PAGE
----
The enthusiasm and ideas drawn out by Michael Buma bolster our excitement about the future. Our insightful, dedicated and enthusiastic staff naturally invites our support. A visionary donor makes this financially possible. The presence of so many others reminds us that we are a community of God’s people.

Rose der Nederlanden (Circulation)
“Reading Christian Courier is like having a coffee with a friend and hearing what they are thinking. The symposium was great because we could actually meet face to face with some people we had never met before.”

Tom Smith (Writer)
“What a wonderfully engaging and uplifting day I was able to enjoy at the Symposium! It was quite energizing to be in a room with so many incredibly smart and gifted servants of our Lord, all of whom work diligently to tell their stories with faithfulness. I was especially struck by the presentation on Christian Courier’s 70-year-long history. Imagining myself and my tiny input here gathered along with truly faith-shaping writing from other contributors was humbling and affirming. It was a blessing to be able to put faces to names and experience some fellowship with all the various folks who put together CC. The evocative bird adorning the paper’s masthead appears mid-flight. And I’m looking forward to seeing the heights to which Christian Courier can soar!”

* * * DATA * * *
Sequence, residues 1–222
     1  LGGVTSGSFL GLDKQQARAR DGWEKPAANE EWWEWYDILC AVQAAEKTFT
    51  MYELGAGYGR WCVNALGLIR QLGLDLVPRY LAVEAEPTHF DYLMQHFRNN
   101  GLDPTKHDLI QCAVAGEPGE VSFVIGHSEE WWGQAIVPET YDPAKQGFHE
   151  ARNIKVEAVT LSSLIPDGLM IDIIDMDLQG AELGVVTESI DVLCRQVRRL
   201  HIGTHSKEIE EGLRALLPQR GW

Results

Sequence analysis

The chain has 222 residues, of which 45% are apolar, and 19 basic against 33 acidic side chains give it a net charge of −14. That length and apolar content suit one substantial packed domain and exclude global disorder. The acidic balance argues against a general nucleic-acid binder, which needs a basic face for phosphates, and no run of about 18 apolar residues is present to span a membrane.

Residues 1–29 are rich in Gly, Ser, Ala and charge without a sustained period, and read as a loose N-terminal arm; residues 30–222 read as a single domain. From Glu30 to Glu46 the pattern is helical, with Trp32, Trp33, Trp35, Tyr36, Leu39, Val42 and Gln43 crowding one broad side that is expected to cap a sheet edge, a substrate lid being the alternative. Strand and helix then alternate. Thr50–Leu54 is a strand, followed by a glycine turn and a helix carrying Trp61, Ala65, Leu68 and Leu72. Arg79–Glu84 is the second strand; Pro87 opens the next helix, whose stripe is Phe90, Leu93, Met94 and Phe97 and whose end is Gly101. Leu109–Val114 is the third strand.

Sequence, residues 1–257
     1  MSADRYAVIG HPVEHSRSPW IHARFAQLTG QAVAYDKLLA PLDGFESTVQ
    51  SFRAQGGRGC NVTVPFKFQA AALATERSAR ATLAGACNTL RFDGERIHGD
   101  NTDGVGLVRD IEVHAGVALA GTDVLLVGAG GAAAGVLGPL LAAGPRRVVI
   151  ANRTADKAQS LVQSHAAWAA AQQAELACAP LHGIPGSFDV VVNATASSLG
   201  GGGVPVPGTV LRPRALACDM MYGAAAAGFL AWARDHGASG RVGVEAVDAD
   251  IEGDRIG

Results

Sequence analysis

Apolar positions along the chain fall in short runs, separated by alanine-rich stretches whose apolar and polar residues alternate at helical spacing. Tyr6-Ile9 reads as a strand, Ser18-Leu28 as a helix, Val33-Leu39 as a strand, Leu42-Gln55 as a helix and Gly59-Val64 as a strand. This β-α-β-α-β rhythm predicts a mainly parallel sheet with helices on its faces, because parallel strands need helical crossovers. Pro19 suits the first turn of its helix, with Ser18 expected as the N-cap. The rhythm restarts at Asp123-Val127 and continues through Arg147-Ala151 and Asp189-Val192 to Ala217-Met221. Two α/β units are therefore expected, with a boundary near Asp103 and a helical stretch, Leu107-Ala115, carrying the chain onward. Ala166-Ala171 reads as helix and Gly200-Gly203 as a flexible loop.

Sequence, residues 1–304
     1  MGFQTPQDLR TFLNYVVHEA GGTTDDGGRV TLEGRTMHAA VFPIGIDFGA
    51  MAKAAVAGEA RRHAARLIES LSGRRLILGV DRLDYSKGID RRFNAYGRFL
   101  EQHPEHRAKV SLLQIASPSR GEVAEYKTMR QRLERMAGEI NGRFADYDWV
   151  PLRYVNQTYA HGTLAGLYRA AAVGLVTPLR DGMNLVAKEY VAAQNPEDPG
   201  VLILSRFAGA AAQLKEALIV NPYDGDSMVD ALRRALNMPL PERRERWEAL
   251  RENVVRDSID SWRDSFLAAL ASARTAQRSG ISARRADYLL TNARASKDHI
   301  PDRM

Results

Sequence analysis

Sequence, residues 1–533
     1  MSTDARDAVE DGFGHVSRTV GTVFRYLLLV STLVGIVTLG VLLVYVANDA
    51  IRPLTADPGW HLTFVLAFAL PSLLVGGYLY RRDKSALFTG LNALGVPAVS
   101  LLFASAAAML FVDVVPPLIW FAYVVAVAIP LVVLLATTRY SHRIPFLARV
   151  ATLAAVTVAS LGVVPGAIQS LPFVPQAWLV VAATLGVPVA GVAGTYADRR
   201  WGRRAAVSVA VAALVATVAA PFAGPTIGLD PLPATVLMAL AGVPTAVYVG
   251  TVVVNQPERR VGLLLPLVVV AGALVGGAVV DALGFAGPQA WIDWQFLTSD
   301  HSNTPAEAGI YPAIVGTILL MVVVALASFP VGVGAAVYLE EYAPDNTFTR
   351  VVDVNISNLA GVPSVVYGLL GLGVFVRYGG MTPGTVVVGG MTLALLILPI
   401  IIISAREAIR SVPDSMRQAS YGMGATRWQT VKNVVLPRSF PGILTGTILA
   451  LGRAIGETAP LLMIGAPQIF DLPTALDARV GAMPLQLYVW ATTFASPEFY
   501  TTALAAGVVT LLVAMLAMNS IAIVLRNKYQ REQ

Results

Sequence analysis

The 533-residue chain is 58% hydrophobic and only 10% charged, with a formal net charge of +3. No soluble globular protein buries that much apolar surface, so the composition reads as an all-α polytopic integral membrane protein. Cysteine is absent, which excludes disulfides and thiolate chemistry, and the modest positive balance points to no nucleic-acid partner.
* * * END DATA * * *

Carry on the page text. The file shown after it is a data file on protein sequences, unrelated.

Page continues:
– Compiled by Sonya VanderVeen Feddema

  • Peter is Executive Director of Global Scholars Canada, a transnational guild of Christian scholars. He preaches, teaches and writes – having written columns, editorials, news and features for CC since 1997. His book The Subversive Evangelical: The Ironic Charisma of an Irreligious Megachurch (McGill-Queen’s University Press, 2019) is an ethnographic journey into the life of a megachurch and its “irreligious” charismatic leader. He loves stories that cross boundaries while maintaining integrity.

You just read something for free.

But it didn’t appear out of thin air. Writers, editors and designers at Christian Courier worked behind the scenes to bring hope-filled, faith-based journalism to you.

As an independent publication, we simply cannot produce award-winning, Christ-centred material without support from readers like you. And we are truly grateful for any amount you can give!

CC is a registered charity, which is good news for you! Every contribution ($10+) is tax-deductible.